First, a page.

Step One: Establishing the Need for Marketing Research Step Two: Defining the Problem Step Three: Establishing Research Objectives Step Four: Determining Research Design Step Five: Identifying Information Types and Sources Step Six: Determining Methods of Accessing Data Step Seven: Designing Data Collection Forms Step Eight: Determining Sample Plan and Size Step Nine: Collecting Data Step Ten: Analyzing Data Step Eleven: Preparing and Presenting the Final Report Not all studies use all 11 steps. Few studies follow the steps in order
<ul><li>Need for Marketing Research </li></ul><ul><li>Research takes time and costs money. </li></ul><ul><li>Marketing research is not always needed. </li></ul><ul><li>When is marketing research not needed? </li></ul><ul><ul><li>The information is already available. </li></ul></ul><ul><ul><li>Decisions must be made now. </li></ul></ul><ul><ul><li>We can’t afford research. </li></ul></ul><ul><ul><li>Costs outweigh the value of marketing research. </li></ul></ul>
This is the most important of the 11 steps. If the problem is incorrectly defined, all else is wasted effort. Problems may be either specific or general. Problems stem from gaps between what is supposed to happen and what did happen and gaps between what did happen and what could be happening.
Research objectives, when achieved, provide the information necessary to solve the problem identified in step 2. Research objectives state what the researchers must do.
Exploratory Research: Collecting information in an unstructured and informal manner. Descriptive Research: Refers to a set of methods and procedures describing marketing variables. Causal Research (experiments): Allows isolation of causes and effects.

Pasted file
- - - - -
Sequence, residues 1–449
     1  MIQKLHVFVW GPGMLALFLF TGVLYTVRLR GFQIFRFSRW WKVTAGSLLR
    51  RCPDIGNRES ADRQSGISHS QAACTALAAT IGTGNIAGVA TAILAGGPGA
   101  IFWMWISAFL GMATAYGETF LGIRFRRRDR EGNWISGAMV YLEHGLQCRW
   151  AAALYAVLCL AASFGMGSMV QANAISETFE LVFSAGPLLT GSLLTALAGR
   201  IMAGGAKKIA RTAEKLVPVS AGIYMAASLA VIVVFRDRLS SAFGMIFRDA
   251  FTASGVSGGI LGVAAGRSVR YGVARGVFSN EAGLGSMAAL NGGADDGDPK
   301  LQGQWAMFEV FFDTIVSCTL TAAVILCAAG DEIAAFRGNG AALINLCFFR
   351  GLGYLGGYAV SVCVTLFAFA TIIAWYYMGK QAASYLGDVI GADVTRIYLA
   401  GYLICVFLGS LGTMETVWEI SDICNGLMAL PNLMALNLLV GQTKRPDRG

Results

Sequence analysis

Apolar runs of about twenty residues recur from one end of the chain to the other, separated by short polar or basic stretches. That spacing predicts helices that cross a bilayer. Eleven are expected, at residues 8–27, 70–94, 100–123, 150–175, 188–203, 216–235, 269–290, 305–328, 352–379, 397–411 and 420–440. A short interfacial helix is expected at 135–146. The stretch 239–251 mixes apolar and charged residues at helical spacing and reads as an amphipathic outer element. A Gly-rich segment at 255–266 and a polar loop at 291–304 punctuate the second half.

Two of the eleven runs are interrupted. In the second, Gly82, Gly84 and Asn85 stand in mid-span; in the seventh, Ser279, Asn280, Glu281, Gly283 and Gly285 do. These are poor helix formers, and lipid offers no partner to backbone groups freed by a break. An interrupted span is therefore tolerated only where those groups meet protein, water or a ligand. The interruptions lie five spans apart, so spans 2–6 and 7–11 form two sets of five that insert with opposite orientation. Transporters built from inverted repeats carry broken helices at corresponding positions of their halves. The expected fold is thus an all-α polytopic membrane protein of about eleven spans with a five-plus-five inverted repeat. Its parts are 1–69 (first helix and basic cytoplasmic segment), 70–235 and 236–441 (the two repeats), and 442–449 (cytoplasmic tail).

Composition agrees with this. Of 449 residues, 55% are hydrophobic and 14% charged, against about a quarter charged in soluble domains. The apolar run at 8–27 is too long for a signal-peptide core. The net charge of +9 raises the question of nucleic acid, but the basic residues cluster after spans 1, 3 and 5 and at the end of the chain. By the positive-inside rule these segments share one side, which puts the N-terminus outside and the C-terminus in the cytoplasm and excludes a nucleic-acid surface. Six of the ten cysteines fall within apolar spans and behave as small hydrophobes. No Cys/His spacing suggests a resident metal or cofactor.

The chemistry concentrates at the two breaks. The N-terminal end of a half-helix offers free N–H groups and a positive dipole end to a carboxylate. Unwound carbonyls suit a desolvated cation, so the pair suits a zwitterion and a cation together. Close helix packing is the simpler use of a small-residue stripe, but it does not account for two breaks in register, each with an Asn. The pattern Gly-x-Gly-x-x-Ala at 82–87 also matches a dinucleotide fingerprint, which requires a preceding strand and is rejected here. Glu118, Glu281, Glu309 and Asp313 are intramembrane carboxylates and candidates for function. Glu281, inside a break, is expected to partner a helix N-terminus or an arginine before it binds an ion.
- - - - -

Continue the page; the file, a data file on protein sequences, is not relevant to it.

Primary information: Information collected specifically for the problem at hand Secondary information: Information already collected
<ul><li>Secondary data is relatively easy to access; primary data is more complex. </li></ul><ul><li>Three main choices for primary data: </li></ul><ul><ul><li>Have a person ask questions </li></ul></ul><ul><ul><li>Use computer assisted or direct questioning </li></ul></ul><ul><ul><li>Allow respondents to answer questions themselves without computer assistance </li></ul></ul>
Questionnaire must be worded objectively, clearly, and without bias in order to communicate with respondents. Software programs are available to assist marketing researchers in preparing forms.
Sample plan refers to the process used to select units from the population to be included in the sample. Sample size refers to determining how many elements of the population should be included in the sample.
<ul><li>Data collection is very important because, regardless of the data analysis methods used, data analysis </li></ul><ul><li>cannot fix bad data. </li></ul><ul><li>Non sampling errors may occur during data collection. </li></ul><ul><li>Data collection errors may be attributed to field workers or respondents. </li></ul><ul><li>Researchers must know the sources of these errors and the controls to minimize them. </li></ul>
Data analysis involves entering data into computer files, inspecting data for errors, and running tabulations and various statistical tests. Data cleaning is a process by which raw data are checked to verify that the data have been correctly inputted from the data collection form to the computer software program.
The last step is one of the most important phases of marketing research. Its importance cannot be overstated because it is the report, or its presentation, that properly communicates the results to the client.